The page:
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Time taken to hold FAIs is getting worse claims north-east union leader

RMT regional organiser Jake Molloy
RMT regional organiser Jake Molloy

Liaison between the agencies involved in investigating sudden deaths has done nothing to speed up fatal accident inquiries (FAIs), according to a north-east trade union leader.

Jake Molloy, regional organiser for the National Union of Rail, Maritime and Transport Workers said in some cases formal co-operation between the police and the Crown and Procurator Fiscal Service had made matters worse.

The Scottish Parliament’s justice committee is scrutinising the Fatal Accidents and Sudden Deaths etc. (Scotland) Bill which aims to revamp existing legislation by implementing most of the recommendations made in a 2009 review by retired senior judge Lord Cullen.

Mr Molloy believes the proposed legislation does not strike an effective balance between the investigative process, the needs of victims families, and the adoption of new working practices or regulations to avoid future mishaps.

The Aberdeen-based offshore expert told the committee that while he accepted a mandatory timescale for FAIs would be difficult given the complexities of different incidents, trade unions were frustrated with the time involved.

Speaking of the liaison between the police, procurator fiscal service and Health and Safety Executive, he said: “The co-operation seems to have achieved nothing in regards to reducing that timescale and in fact in some cases the timescale has become even greater and that is a real concern for us and workers generally.”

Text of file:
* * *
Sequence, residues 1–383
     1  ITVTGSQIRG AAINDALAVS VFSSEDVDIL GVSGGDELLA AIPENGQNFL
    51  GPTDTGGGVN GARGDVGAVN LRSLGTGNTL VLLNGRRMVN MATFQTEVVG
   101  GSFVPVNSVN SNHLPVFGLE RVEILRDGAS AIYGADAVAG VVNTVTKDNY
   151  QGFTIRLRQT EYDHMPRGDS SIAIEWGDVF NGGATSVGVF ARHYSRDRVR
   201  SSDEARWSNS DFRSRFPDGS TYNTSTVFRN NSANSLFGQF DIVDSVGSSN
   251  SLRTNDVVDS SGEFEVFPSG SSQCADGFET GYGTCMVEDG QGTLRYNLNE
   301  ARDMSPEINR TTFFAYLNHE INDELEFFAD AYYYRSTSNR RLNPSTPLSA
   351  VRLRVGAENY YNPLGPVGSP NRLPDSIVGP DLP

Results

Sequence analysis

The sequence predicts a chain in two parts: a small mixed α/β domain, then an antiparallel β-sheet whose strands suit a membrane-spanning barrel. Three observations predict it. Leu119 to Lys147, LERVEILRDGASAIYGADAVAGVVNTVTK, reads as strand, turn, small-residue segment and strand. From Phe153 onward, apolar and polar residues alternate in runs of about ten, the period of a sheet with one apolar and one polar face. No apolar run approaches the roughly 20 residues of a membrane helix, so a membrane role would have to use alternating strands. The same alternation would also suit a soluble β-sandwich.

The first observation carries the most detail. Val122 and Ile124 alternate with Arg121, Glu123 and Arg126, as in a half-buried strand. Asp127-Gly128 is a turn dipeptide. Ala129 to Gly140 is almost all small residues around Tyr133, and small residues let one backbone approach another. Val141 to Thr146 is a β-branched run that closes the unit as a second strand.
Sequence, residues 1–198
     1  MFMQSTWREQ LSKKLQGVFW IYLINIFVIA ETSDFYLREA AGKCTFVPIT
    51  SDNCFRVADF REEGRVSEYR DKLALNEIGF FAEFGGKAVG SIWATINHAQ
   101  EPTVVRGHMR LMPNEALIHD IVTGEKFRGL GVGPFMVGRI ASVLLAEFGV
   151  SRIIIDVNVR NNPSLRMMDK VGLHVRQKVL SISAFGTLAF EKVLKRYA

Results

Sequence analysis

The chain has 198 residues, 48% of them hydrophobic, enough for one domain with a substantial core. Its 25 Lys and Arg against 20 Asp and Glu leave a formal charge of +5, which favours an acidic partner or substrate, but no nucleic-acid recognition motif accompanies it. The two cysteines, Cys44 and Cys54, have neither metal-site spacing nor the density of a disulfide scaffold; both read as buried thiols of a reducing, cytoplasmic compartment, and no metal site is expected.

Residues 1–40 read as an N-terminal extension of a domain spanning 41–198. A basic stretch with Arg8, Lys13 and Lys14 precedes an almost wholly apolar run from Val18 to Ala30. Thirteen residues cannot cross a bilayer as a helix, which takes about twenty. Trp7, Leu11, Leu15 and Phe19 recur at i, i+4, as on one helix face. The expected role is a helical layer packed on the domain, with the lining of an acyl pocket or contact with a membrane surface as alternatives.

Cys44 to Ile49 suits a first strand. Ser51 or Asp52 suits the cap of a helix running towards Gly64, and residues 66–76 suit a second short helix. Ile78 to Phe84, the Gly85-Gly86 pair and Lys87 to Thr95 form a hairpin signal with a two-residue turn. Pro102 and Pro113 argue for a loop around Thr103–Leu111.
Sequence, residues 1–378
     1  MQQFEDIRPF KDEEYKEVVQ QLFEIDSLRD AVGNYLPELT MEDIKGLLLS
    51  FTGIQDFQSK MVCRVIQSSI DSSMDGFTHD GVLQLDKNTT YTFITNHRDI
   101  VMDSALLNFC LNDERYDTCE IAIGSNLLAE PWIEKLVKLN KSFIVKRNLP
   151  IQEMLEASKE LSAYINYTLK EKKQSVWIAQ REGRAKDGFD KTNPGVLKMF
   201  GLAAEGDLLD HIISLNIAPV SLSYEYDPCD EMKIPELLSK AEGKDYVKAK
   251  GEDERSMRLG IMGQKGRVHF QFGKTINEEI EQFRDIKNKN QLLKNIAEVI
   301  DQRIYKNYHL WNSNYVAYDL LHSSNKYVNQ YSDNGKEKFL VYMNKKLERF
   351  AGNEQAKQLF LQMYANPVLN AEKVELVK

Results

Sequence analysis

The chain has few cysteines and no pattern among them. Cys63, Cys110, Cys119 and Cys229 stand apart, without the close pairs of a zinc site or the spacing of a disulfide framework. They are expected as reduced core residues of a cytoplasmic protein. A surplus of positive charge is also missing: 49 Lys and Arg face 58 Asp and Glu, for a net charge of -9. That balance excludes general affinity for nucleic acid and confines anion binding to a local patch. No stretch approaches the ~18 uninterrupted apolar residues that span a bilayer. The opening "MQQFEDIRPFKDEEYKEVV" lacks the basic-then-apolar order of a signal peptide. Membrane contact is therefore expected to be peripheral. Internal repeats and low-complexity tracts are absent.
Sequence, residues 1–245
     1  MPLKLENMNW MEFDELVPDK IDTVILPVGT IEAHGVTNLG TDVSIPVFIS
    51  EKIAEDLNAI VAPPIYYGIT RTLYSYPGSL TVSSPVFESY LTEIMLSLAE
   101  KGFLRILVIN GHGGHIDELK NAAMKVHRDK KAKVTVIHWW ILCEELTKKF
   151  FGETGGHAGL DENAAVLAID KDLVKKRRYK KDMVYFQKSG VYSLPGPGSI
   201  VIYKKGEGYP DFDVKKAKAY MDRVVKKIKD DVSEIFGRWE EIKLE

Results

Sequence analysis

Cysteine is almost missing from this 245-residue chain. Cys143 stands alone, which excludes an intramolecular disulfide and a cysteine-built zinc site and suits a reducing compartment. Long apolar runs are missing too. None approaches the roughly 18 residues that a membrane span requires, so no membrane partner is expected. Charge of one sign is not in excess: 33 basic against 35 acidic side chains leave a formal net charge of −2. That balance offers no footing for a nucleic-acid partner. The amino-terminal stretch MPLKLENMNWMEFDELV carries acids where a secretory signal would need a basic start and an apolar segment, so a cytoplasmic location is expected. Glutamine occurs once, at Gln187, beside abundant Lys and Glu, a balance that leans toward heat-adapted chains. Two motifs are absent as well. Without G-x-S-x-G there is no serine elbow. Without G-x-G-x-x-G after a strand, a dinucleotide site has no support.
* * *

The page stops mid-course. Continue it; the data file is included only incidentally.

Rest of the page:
Mr Molloy said in the 2009 helicopter crash of the north-east coast in which 16 people died families were told that because a prosecution was in the pipeline not to talk to the press, trade unions of make any public statements.

Subsequently the families learned from the television there would be an FAI but no prosecutions, he said.

“Quite clearly there are problems with the way the Crown Office and procurator fiscal deals with families,” Mr Molloy said.

Both Mr Molloy and Scottish Trades Union Congress assistant secretary Ian Tasker said it would be possible to get an early statement on the basic facts of an incident in order to dispel speculation and the fears of the families.

They said other agencies such as the Air Accident Investigation Branch quickly brought forward preliminary reports that did not prejudice ongoing investigations.

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